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Turbine permission withdrawn

Frank and Clare Dakin at the Duddo Stone Circle.

Frank and Clare Dakin at the Duddo Stone Circle.

Plans to construct a wind turbine over-shadowing the 4000-year-old Duddo Stone Circle have been blocked by a Government minister.

The ancient Stones have worked their magic to convince the Secretary of State, Eric Pickles MP, that the appeal decision to allow a 74m wind turbine at Shoreswood Farm was defective.

Baroness Joyce Quin, who led a cross-party campaign against the turbine being built, said: “I am delighted that the minister responded to our concerns and hope that this decision will herald a change of approach so that Northumberland’s precious landscape, which is so important to residents and tourists alike, is safeguarded against such developments in the future.”

Plans for a turbine on farmland at Duddo were given the green light in January by the Planning Inspectorate after an appeal by the applicant, 3R Energy Solution.

The company’s application had previously been turned down by Northumberland County Council’s planning committee, which followed the advice of officers and heritage experts in unanimously refusing planning permission for the proposed turbine at Shoreswood Farm, Ancroft.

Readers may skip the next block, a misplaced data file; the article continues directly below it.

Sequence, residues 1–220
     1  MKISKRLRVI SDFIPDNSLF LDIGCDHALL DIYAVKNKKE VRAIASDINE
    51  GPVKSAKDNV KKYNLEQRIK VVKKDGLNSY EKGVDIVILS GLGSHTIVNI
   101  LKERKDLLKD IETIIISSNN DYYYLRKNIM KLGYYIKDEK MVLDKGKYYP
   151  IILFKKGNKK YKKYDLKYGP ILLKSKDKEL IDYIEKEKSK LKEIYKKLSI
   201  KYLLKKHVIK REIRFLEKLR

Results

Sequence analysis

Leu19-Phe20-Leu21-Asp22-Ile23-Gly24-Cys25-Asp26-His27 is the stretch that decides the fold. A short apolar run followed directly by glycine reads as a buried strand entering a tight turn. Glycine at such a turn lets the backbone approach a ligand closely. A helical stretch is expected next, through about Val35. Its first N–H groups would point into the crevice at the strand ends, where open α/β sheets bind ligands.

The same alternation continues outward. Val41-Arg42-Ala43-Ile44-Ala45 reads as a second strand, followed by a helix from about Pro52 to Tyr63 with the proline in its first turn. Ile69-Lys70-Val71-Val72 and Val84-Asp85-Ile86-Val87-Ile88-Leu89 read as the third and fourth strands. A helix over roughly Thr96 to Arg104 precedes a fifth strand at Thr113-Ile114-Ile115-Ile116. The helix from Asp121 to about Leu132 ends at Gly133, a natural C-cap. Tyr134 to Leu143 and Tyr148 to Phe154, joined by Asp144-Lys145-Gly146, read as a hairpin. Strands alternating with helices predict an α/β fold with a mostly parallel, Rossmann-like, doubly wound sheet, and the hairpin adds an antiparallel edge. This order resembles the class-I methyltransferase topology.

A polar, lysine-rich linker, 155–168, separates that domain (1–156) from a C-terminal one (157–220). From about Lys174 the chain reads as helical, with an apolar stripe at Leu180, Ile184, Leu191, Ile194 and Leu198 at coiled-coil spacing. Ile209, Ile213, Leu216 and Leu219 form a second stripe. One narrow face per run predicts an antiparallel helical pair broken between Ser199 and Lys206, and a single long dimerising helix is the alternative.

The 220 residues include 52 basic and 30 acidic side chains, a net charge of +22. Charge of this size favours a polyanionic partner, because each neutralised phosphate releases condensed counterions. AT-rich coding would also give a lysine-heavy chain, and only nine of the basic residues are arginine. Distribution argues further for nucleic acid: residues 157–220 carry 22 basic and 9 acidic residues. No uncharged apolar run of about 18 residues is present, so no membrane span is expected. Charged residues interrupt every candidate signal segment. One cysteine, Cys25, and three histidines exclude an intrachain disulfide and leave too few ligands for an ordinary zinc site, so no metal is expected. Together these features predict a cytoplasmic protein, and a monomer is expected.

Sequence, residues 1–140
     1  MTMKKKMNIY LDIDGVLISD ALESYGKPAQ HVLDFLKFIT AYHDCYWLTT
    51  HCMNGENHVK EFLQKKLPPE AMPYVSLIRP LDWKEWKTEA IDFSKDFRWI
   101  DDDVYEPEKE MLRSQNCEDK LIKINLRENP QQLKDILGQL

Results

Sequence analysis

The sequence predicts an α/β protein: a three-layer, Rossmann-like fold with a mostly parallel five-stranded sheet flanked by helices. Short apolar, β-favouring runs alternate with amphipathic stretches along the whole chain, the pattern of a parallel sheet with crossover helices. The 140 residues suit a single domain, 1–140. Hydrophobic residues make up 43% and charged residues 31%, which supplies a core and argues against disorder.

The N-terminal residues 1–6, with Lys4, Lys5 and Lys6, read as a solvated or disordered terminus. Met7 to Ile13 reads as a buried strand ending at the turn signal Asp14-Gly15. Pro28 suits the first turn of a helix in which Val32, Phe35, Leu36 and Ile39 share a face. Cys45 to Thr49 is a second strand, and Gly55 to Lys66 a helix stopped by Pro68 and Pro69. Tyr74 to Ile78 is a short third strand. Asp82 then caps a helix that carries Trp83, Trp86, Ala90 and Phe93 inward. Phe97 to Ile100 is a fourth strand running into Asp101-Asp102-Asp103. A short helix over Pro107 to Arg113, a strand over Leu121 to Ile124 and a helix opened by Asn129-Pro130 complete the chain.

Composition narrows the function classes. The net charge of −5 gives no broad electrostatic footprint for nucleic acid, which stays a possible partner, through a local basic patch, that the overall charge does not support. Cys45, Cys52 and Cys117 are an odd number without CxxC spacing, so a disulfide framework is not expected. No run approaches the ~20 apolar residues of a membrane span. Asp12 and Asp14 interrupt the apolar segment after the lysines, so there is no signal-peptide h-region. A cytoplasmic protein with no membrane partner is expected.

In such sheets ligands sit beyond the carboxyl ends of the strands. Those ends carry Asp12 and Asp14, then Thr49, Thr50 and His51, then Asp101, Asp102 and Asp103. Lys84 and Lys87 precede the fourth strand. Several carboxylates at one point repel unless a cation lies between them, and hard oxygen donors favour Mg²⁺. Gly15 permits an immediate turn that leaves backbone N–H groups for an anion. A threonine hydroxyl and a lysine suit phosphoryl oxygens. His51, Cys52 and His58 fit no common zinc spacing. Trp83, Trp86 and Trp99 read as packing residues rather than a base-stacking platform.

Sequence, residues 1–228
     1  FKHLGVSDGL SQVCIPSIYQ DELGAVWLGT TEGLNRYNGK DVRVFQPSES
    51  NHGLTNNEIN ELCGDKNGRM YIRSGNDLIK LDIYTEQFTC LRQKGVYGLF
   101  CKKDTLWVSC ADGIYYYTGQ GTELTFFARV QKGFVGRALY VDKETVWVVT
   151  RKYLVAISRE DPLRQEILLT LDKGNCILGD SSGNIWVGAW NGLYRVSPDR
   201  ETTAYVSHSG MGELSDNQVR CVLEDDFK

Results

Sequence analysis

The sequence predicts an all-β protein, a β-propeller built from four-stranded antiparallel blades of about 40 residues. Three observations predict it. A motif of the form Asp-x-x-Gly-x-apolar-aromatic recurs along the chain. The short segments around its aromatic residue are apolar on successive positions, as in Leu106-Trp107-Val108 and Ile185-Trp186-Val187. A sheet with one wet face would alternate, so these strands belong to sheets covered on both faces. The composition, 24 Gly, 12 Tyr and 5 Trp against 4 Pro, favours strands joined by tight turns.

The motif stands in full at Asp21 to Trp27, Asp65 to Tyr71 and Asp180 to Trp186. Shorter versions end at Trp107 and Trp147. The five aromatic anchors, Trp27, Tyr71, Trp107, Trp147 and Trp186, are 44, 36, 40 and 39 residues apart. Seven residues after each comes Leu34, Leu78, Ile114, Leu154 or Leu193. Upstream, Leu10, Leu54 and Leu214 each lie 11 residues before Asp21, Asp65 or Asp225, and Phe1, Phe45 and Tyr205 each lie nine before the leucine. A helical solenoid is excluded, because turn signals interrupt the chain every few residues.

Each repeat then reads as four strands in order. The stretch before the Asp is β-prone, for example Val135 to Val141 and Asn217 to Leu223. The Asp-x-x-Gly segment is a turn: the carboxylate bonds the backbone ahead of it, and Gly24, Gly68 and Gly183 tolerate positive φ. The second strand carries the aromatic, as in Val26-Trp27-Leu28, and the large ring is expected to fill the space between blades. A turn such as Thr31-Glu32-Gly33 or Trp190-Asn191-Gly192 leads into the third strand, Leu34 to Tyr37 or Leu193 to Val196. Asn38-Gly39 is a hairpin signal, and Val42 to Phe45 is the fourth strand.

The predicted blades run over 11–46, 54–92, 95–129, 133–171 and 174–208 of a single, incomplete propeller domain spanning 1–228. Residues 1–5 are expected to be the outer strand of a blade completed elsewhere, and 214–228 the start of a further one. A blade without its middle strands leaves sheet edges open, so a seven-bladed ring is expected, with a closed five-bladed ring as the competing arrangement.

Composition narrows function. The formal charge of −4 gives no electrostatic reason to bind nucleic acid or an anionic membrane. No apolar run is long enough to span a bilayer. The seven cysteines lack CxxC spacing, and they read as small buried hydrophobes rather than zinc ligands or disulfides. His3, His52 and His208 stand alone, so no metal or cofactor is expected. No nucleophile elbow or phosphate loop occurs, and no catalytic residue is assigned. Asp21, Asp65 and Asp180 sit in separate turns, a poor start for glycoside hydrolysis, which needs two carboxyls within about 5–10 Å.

Neighbours Frank and Claire Dakin of Penmar Farming mounted legal action, issuing a statutory appeal in the High Court challenging the inspectorate’s decision, which was due to be heard on Wednesday.

But before the hearing could take place, Communities and Local Government Minister Kris Hopkins, who is responsible for monitoring wind farm development on behalf of Eric Pickles, decided the Government was unable to legally defend the decision to allow the turbine, and withdrew from the case.

The Government conceded that, in considering the appeal, the Inspector had failed to give “great weight” to the conservation of designated heritage assets, and that any harm to such assets should require “clear and convincing” justification.

“It has been a nerve-wracking time,” Clare Dakin admitted.

“The costs implications of taking this action were very daunting but we felt we could not stand by and watch the turbine being built without challenging what we knew to be a bad decision.

“A number of local people felt so strongly about this that they pledged to help underwrite the legal costs if the case did not go our way, and so we decided to take the plunge.”

The case was due to be heard on June 25, but Minister Hopkins withdrew the Government from defending itself in Mrs Dakin’s case on June 9, after initial arguments were put forward on a matter of heritage protection.

The appeal will now be sent back to the Planning Inspectorate for redetermination.

“We will continue to fight this proposal for as long as we have to” Mrs Dakin said.

“The people of Northumberland care passionately about these ancient stones and we will continue to fight for the right of local people and visitors who come from all over the UK and the world to continue to enjoy them in their extraordinary landscape setting.”

 

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